The Feds decision to bailout Fannie and Freddie is another win for those consumers struggling with their mortgage.
The FHFA (Federal Housing Finance Agency - created by Congress in July as part of the Housing Bill) is the government agency which regulates Fannie Mae and Freddie Mac. It took "conservatorship" control of the companies today, in an effort to establish what Treasury Secretary Paulson referred to as a "time out" period, where markets can be stabilized and the structure of the secondary mortgage market, and the role of the government in this market, can be redefined in a way that makes more sense going forward.
Why it happened:
Mounting international concern about the financial ability of the Fannie and Freddie to meet their obligations, forced the government to step in to provide explicit and official support. It has been almost universally agreed that the agencies are too large to fail; their failure would cause a global financial crisis affecting everything "from family budgets, to home values, to savings for college and retirement. A failure would affect the ability of Americans to get home loans, auto loans, and other consumer credit and business finance. And a failure would be harmful to economic growth and job creation," said Treasury Secretary Paulson.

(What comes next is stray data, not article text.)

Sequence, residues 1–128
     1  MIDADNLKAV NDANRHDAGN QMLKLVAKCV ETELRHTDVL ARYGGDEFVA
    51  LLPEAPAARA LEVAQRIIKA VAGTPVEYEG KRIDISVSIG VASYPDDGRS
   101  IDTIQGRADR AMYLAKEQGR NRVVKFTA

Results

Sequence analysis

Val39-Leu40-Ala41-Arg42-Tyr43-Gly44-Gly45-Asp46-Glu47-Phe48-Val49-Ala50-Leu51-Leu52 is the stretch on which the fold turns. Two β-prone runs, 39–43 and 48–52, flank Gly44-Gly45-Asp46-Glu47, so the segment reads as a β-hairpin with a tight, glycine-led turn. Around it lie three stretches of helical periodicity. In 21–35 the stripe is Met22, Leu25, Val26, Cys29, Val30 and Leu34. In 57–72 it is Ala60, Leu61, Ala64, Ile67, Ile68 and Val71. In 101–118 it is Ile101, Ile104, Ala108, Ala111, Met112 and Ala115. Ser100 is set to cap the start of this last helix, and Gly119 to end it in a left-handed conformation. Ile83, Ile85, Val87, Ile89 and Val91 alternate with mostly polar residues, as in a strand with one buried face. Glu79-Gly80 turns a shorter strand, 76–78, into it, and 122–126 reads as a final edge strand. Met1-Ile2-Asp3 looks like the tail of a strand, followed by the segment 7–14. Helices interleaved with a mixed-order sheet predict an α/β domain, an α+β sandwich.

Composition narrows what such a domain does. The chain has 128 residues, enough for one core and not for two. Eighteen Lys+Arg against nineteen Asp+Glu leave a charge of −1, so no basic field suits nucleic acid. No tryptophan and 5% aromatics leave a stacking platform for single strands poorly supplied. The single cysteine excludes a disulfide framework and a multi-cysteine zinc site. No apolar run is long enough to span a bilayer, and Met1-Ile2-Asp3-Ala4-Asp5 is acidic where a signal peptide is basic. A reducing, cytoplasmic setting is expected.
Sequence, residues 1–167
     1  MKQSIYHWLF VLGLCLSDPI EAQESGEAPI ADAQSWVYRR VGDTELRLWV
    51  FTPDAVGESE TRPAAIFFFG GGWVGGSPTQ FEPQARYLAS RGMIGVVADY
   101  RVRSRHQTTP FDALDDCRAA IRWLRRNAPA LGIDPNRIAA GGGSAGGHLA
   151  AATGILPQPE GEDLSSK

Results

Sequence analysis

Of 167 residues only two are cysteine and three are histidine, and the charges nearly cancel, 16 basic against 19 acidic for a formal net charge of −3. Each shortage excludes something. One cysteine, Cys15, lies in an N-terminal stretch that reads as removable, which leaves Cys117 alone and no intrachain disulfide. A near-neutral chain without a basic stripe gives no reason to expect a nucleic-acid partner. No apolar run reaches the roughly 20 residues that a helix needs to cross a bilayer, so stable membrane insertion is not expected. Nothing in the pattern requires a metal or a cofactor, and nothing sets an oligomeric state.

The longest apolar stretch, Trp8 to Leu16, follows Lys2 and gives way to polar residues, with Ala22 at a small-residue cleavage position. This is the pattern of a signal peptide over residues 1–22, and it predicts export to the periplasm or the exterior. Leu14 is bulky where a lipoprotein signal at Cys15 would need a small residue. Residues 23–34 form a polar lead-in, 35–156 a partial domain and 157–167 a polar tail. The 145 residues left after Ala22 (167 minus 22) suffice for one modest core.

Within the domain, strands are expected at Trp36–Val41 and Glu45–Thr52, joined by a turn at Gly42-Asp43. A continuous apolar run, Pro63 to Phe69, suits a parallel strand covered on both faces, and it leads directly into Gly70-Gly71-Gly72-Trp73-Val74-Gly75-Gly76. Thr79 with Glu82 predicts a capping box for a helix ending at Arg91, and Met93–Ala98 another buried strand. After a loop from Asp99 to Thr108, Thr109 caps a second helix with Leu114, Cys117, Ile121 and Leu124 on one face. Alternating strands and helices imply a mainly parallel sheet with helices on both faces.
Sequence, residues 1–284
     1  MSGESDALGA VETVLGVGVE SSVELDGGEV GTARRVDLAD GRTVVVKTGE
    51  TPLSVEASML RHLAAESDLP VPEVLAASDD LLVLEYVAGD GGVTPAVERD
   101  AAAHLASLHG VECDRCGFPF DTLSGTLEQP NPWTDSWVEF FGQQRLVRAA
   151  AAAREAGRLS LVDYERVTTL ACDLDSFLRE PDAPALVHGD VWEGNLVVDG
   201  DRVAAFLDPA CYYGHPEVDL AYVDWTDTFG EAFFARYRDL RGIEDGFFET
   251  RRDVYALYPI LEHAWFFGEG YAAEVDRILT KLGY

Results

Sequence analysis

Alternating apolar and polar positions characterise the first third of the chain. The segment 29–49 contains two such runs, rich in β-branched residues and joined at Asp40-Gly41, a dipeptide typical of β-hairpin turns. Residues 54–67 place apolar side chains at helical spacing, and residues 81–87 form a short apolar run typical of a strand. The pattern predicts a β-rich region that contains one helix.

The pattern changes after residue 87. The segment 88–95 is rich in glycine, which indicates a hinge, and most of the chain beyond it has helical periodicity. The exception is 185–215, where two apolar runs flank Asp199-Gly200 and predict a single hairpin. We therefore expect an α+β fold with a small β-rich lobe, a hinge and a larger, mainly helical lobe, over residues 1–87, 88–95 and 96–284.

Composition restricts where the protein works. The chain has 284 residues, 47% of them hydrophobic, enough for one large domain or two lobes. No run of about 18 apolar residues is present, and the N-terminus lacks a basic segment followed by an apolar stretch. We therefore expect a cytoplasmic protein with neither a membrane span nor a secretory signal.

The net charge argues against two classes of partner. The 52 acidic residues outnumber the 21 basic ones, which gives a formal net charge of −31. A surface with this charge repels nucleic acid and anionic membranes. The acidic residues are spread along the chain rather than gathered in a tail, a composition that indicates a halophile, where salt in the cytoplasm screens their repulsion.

What it means to consumers:
-Rates and feeds may drop. The FHFA's mission is not to deliver a return to shareholders, but to stabilize the markets. This means making mortgages more affordable.
-It could help stabilize home values. More affordable mortgages means more incentive for potential buyers to jump in, and less homeowners forced to sell at fire-sale prices.
- More troubled homeowners will get help. The government does not want to foreclose on your FNMA or FHLMC mortgage, and will likely open more avenues for forebearance or modification of existing troubled mortgage loans (those with very high Loan-to-Value ratios, and/or those which have adjusted to a much higher interest rate).
- You'll pay for it in your taxes. Whether or not this government action will help you directly, there is in the short term most certainly a price tag that will be borne by taxes. The logic is that this cost is justified since the problem now not isolated to those who took out "bad" mortgages and the firms which issued them, but is affecting all aspects of our economy, as described above by Paulson.